I'm writing a story. Part of the world of this story are the wolves. Because I'm uncreative, I'm using real-world languages for each race; the wolves got Latin.

Now, these wolves are largely identical to real-world wolves, in terms of anatomy and where they live, or similar enough that a description of the differences really doesn't affect anything. With that in mind, I'm trying to find a word for "wolf den". I've been using "cava", because it was the first word that meant anything remotely similar that popped into my head, but that's not even a real word.

The closest real Latin word to my half memory is "cavea". However, as far as I can tell, that just means "cave", which happens to be where wolf dens are.

Is there a Latin word that specifically means "wolf den"? Failing that, is there a word that means something other than "wolf den", but is very strongly associated with them?

Side note: I Googled quite a lot, and got about a billion businesses named "Wolf Den" or with something called a wolf den in them.

2 Answers 2


Well, I did a quick search and found no words that quite match what you are looking for (one might exist, i just didn't find it), so here are some words that mean "den" in some form, which might be useful to you.

  • Cavea: cave, but also enclosure for animals
  • Latebra: hiding place, den
  • Latibulum: a hiding-place, refuge, or lurking-hole
  • Lustrum: den of wild beasts
  • Secessus: hiding-place
  • Secretum: hiding-place
  • Specus: cave or den
  • Spelaeum: cave or den
  • Spelunca: cave or den
  • Spoliarium: den of cut-throats or robbers

Now, I am not the one writing your story, but wolves are usually associated in modern culture with evil, thievery, greed, destruction, and even stealth. This is why I included Latibulum and Spoliarium because they both could be a cool, metaphorical name for the home of the wolves. These are just ideas, and if someone else finds something that fits your situation better, go ahead and use it. Good luck!

If you really want to reinforce the relationship with wolves, you could use the adjective Lupinus, which means "pertaining to wolves", or you could use the genitive of Lupus/-a.

  • Why do I keep asking for words that Classical Latin doesn't have :( Aside from that, though, nice answer! The two extra suggestions don't really fit, since the wolves in this story are more mysterious and elusive than evil, but they'd be good to keep in mind for other uses.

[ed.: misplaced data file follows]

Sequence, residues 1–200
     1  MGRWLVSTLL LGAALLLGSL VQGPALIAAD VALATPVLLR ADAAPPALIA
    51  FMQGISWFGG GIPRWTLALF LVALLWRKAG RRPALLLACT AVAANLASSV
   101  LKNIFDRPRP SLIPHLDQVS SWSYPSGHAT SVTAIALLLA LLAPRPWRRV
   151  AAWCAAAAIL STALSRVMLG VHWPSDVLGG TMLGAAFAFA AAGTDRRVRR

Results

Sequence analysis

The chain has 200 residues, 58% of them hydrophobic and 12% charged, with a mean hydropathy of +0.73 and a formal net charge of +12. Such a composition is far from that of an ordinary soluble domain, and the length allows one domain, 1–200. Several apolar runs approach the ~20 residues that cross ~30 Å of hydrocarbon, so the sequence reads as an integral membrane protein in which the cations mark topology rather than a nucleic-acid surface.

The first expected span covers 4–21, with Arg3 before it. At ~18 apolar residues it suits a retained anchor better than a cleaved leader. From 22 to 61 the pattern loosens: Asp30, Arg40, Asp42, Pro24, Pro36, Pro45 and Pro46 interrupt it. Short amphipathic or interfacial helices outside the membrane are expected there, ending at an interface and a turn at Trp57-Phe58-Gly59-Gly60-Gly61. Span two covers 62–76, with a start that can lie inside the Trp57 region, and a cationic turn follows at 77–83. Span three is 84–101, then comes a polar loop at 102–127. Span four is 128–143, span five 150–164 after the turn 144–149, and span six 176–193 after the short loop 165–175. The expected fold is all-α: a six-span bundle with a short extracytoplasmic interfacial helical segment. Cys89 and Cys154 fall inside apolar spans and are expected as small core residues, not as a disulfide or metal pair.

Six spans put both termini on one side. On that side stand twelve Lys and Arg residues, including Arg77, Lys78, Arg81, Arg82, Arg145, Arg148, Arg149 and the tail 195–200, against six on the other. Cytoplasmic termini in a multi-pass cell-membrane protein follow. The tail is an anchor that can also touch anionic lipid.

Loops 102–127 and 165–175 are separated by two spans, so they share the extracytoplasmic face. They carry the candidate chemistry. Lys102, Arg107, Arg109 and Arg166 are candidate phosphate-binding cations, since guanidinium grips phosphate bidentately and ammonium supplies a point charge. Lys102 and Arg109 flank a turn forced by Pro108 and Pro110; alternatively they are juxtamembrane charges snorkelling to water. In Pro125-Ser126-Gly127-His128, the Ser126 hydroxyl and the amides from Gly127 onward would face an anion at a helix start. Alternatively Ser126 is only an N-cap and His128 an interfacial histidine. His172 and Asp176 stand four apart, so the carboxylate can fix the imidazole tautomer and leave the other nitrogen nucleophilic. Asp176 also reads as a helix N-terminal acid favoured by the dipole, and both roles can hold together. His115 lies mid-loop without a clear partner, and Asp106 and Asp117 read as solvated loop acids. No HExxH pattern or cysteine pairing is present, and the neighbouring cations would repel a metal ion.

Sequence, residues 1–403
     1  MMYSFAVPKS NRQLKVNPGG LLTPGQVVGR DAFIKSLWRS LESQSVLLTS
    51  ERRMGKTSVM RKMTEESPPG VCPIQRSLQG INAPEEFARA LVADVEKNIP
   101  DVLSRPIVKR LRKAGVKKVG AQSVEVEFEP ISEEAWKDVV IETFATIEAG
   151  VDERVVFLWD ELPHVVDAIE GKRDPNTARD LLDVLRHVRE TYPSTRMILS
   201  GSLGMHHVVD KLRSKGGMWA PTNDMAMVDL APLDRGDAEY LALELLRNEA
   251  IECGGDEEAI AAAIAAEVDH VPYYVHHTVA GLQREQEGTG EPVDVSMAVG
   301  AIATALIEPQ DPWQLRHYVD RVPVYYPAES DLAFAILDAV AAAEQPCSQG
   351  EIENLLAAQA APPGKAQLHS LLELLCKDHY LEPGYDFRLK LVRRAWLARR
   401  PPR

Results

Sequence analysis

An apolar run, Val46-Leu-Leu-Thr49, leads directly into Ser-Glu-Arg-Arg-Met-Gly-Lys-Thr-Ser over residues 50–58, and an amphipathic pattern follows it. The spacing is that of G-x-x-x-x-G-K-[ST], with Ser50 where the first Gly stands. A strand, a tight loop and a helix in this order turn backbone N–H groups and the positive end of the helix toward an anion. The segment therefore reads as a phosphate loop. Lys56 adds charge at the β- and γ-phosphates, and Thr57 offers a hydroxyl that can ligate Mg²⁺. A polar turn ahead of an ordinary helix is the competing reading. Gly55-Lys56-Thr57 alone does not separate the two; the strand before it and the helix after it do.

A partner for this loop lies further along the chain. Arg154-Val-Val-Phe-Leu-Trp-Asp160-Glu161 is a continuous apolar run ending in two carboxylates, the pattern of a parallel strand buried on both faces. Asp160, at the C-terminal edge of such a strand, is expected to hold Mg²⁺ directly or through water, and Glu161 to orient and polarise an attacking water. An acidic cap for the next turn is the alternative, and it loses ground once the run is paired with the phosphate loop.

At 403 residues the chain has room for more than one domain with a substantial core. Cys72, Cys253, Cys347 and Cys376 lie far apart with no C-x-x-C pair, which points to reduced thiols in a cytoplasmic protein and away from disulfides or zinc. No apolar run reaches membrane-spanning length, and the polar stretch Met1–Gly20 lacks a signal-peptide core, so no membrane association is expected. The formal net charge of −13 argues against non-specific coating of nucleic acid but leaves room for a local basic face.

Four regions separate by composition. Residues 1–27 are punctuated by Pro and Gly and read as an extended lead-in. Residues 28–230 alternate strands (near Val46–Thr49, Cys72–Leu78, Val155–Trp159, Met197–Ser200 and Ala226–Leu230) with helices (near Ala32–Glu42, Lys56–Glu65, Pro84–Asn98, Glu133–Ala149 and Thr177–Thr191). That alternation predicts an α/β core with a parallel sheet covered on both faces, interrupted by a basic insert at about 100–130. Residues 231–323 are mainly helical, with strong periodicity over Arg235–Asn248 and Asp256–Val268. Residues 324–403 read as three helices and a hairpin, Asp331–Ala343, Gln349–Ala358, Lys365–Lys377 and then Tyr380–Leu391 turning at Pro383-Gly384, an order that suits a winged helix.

– anon
    Commented Jul 23, 2016 at 0:35
  • Another word for this list is latebra "hiding place, den", which is often used for the dens of wild animals (including but not limited to wolves).
    – TKR
    Commented Jul 23, 2016 at 1:06
  • @QPaysTaxes I feel like Latibulum could still be applicable, but again, it's up to you! Also, you could consider secessus or secretum, which means "hiding place" which could make sense for the elusiveness and mystery.
    – Sam K
    Commented Jul 23, 2016 at 1:21
  • @SamK You should add those to the answer! And yeah, I misread lustrum's definition for latibulum; the latter would still work pretty well. Thanks again!
    – anon
    Commented Jul 23, 2016 at 1:22

I propose the word lupercal (lupercālis, neuter).

Lupercal is the name of a cave under the Palatine hill where the wolf was believed to nurse Romulus and Remus. For more information about this cave, please consult Wikipedia, Vicipaedia or this BBC news article. The cave made it to the news because it was discovered relatively recently. It is not certain that the cave actually is Lupercal, but it makes no difference for this answer.

If I understood correctly, the name Lupercal refers to this one cave, but for the purpose of writing a story that does not take place in ancient Rome it can be well used for a wolf den. I would say that Lupercal means "the wolf den", not "a wolf den". If your wolves all live in one den or there is a main den for a herd of wolves, I think lupercal is a good choice. If you have several small dens, I might prefer using some of the words SamK listed in his answer.

  • I like this for the mythical aspect, and I'm going to use it for the biggest of them where the legendary something or other does whatever legendary beasts do, but the other answer answers my actual question (what's a wolf den called). Thanks!
    – anon
    Commented Jul 23, 2016 at 16:57
  • If I wanted to use this as a fancy name for a wolf den in English, would I call the den "the Lupercal" or just "Lupercal"?
    – anon
    Commented Aug 2, 2016 at 23:03
  • 1
    @QPaysTaxes, I don't know. I suppose it's your call, since you are not trying to refer to the Roman cave but to recycle the prestigious name. The BBC article seems to use "the Lupercal".
    – Joonas Ilmavirta
    Commented Aug 3, 2016 at 5:43

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